Mo. school leader named head of Loyola Blakefield

The Rev. Thomas A. Pesci to begin new job July 1

February 09, 2005|By Sara Neufeld | Sara Neufeld,SUN STAFF

The Rev. Thomas A. Pesci, the longtime leader of a Jesuit high school in Kansas City, Mo., has been named president of Loyola Blakefield prep school in Towson, the school announced yesterday.

Pesci, 55, will assume the presidency July 1, when the Rev. Jack Dennis steps down. Dennis announced in the fall that this school year would be his last at Loyola, a Jesuit school with an enrollment of about 970 boys.

A Philadelphia native, Pesci said his new job will be a homecoming of sorts: From 1980 to 1984, he served as Loyola's chaplain, teaching classical languages and religious studies and advising the yearbook staff.

Until 2004, he spent 11 years as president of Rockhurst High School in Kansas City, where he is credited with increasing enrollment and the endowment during a time of financial struggle. He inherited a school in debt and, Loyola officials said, turned it around.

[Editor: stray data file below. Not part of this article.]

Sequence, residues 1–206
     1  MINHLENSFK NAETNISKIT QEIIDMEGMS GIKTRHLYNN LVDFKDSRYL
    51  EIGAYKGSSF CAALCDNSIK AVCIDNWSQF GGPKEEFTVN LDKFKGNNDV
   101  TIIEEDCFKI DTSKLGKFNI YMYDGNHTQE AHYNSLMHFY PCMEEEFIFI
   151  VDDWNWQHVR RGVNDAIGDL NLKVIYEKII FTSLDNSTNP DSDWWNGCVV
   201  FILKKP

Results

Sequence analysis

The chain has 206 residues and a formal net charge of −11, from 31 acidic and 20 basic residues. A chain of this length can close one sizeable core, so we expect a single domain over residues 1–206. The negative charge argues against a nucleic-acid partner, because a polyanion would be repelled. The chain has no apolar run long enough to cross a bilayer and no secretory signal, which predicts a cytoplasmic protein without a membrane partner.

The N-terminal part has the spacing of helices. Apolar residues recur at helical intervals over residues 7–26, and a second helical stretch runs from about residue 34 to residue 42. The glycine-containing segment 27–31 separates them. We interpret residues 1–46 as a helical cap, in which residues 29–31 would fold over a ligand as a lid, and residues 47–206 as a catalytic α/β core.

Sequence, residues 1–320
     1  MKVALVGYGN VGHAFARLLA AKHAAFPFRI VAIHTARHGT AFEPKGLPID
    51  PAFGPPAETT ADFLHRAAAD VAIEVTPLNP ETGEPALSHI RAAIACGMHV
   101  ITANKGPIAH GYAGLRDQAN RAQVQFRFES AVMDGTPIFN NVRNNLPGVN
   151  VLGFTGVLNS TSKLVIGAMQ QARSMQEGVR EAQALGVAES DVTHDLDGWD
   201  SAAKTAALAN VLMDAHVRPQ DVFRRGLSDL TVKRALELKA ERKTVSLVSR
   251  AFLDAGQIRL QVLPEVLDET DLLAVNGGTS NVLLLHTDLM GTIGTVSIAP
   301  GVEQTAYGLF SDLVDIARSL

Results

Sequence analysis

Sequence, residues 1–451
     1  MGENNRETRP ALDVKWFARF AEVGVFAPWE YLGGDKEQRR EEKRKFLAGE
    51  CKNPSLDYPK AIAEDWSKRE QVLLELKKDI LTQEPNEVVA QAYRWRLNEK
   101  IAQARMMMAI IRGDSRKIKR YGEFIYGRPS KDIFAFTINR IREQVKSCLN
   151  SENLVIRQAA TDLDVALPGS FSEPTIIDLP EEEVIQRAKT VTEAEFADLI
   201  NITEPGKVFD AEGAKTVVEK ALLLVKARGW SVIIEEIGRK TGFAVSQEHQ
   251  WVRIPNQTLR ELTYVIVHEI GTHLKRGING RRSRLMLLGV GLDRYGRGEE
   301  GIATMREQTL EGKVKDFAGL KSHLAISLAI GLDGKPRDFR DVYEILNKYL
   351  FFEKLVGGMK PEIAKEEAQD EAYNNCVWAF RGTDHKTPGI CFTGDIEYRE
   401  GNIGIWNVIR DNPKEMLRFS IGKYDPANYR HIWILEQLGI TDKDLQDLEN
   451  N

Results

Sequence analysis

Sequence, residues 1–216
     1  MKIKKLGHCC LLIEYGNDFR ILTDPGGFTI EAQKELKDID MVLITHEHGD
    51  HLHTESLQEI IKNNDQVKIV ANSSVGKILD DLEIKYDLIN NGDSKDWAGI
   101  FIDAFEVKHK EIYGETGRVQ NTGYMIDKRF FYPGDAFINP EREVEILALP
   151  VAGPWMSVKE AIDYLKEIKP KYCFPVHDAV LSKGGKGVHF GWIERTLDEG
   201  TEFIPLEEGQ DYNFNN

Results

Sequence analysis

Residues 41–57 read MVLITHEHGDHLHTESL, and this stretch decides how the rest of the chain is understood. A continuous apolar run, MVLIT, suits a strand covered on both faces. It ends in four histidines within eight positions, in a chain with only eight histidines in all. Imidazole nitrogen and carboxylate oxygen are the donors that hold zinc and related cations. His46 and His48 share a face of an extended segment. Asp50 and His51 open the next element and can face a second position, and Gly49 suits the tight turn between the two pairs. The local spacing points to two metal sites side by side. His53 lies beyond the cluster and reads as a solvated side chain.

This school year, Pesci said, he is taking a working sabbatical. He spent the first semester as the director of Ignatian identity at Georgetown Preparatory School in Bethesda, working with the faculty on spiritual development. He is now the "administrator reflector" at the Jesuit Secondary Education Association in Washington, leading training sessions for Jesuit school administrators, and he is working as a consultant.

Aurelia T. Burt, co-chairwoman of Loyola's search committee, said Pesci was chosen because of his strong sense of Jesuit mission and Ignatian spirituality. She also praised his administrative experience, academic background and communication skills. She said he was chosen from a pool of about 25 applicants.

"All the people who worked with him in Kansas City told us he can communicate the Jesuit mission better than anyone," Burt said.

Pesci holds degrees from Fordham University in New York, the University of North Carolina at Chapel Hill and Weston School of Theology in Massachusetts, according to his resume. He entered the Jesuits in 1968 and was ordained a priest in 1979 at Loyola College in Baltimore.

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